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WVEA Legislative Update #6 (Friday, Feb. 22, 2020)

WVEA's Legislative Update #6 Printable PDF

Your calls are needed to all legislators

Tax Reduction bill moving – school and county governments to be harmed


The legislative leadership has yet another corporate tax cut plan (SJR 9 and SB 837) that will harm our public schools and could put vital local services like police, fire protection and first responders in jeopardy. WVEA is joined in opposing the bill by other organizations whose members will be harmed by the tax reduction including the WVSSPA, the County Commissioners Association and the WV Association of Counties. Contact your legislators and urge them to vote against the bill.


Below are some of the details of the tax reduction plan.


Create a six-year phase out of the property tax on machinery, equipment and inventory and the personal property tax on cars, trucks, trailers, etc. (SJR 9).Those reductions would lower revenue to county governments and county school systems by nearly $300 million.In an attempt to partially offset the lost revenue, tax increases will be proposed to bring in an estimated $200 million of the $300 million lost to schools and counties.

» The sales tax would be increased by one-half percent. This would increase the sales tax from six percent to 6.5 percent.

» The cigarette tax would increase by 80-cents per pack to a total of $2.00. Taxes on other types of tobacco/vaping products would also be increased.


The money collected from the increased taxes would be deposited in a “special revenue fund” created by a companion bill (SB 837). This fund would hold the money dedicated to replacing the money lost by county governments and the county school systems from the tax reductions.


However, even with the tax increases a shortfall of over $100 million would still exist for counties and schools.


Here are some facts about the proposed tax plan:


SJR 9 would enact a six-year phase out of the property tax on manufacturing equipment, machinery, and inventory, retail inventory, and business and personal vehicles, at a total cost of $294 million. When fully enacted, this figure represents nearly 16% of all property tax revenue collected in the state.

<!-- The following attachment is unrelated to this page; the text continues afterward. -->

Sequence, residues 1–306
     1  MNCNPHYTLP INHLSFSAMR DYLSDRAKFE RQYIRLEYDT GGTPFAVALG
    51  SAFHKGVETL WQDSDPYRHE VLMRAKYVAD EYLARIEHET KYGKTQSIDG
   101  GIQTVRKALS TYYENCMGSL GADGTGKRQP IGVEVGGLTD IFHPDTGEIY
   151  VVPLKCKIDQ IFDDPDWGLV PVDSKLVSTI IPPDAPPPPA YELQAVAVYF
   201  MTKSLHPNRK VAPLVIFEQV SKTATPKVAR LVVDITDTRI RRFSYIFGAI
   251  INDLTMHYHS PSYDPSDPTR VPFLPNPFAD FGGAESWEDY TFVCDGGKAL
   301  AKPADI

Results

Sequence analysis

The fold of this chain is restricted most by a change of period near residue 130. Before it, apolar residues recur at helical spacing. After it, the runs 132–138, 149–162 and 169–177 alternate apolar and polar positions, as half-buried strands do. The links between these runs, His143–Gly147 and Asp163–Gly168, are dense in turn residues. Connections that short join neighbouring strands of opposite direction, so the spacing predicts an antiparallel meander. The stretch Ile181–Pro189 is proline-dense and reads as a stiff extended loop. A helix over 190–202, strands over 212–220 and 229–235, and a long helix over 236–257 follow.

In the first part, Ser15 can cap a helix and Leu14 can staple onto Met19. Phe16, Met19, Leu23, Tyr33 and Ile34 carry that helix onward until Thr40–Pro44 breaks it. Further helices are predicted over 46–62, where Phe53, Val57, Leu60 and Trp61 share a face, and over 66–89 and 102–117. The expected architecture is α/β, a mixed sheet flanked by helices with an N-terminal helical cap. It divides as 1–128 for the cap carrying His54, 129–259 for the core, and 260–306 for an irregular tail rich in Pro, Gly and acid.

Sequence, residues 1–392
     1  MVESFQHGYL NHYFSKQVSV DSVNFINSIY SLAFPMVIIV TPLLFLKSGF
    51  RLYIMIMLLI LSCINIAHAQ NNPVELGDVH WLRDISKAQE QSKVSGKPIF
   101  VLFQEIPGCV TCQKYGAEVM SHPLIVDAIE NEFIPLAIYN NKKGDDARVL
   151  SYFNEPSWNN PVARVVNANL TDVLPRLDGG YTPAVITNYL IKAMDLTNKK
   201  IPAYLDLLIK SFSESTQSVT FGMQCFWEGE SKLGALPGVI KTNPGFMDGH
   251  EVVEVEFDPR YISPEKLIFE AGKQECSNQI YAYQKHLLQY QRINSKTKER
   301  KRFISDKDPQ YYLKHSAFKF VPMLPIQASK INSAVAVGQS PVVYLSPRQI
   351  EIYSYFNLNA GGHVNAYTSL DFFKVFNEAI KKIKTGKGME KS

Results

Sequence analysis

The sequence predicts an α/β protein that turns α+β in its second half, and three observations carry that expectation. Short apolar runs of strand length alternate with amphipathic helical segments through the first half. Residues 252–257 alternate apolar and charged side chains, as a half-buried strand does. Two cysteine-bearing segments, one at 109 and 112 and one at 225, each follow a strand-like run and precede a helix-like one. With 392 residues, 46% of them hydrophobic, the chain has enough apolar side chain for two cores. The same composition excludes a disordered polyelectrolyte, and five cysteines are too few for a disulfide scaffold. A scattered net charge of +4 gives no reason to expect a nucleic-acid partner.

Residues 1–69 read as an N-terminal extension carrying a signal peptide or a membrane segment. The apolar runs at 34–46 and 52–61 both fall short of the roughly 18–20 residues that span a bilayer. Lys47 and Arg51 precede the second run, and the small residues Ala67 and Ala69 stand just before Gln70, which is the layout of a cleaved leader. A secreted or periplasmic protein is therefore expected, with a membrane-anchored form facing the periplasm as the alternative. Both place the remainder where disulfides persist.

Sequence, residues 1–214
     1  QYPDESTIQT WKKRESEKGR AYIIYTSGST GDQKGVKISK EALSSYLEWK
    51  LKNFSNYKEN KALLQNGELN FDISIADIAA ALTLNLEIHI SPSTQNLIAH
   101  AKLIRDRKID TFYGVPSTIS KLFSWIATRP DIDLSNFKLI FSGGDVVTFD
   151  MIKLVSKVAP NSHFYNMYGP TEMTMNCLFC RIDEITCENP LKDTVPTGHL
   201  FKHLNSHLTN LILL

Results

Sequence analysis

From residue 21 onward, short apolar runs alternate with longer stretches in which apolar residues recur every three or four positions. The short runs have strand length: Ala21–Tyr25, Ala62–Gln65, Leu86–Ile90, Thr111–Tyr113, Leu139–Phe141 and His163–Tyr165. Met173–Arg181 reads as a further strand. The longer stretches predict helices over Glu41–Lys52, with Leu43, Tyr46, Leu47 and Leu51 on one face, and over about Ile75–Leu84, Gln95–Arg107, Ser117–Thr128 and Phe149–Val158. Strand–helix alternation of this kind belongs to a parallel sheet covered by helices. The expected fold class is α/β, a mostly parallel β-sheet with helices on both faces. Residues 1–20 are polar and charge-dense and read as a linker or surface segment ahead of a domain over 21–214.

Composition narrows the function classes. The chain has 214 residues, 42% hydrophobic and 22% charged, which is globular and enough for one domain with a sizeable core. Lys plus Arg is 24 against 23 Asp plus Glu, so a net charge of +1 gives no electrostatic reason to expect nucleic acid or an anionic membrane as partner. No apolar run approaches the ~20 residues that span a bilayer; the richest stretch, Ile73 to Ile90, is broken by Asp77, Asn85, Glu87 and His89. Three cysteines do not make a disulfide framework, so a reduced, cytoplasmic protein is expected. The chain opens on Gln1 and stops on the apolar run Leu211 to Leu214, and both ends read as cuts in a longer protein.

Experts all agree that the revenue raised from the new taxes, $180 million, is less than the revenue lost from the proposed tax cuts. Once the tax cuts are fully phased in, the special revenue fund will be depleted, and to make cuts or raise taxes on their own.


In WV low- and middle-income families already pay more of their income in state and local taxes than wealthier taxpayers. The taxes being cut – retail inventory, and manufacturing machinery, equipment, and inventory – are largely paid for by out-of-state consumers, corporations, and shareholders.


When SJR 9 is fully enacted, 80% of West Virginians would see a net tax increase, as savings from the property tax cut would be wiped out by the increases in sales and tobacco taxes. Only the wealthiest 5% would get a substantial net tax cut.


From 2006 to 2019 the legislature has reduced business taxes by over $440 million (see below) all with the promise of spurring economic development and creating jobs, however; virtually no net gain in job growth or revenue has occurred. The revenue lost from those corporate tax cuts has not been replaced and the state has had to cut services, institute hiring freezes and mid-year budget cuts, reduce funding to our schools, ignore infrastructure problems and make fewer investments in our communities.


This legislation will have a lasting impact on the funding of our schools. Make sure you contact your legislators and urge them to vote against the bill.


Bills That Showed Movement This Week

SB 38 – Sacred Texts: This bill is a companion bill to HB 4780. The original bill would allow the county boards of education to offer students in grades 9 and up the following classes: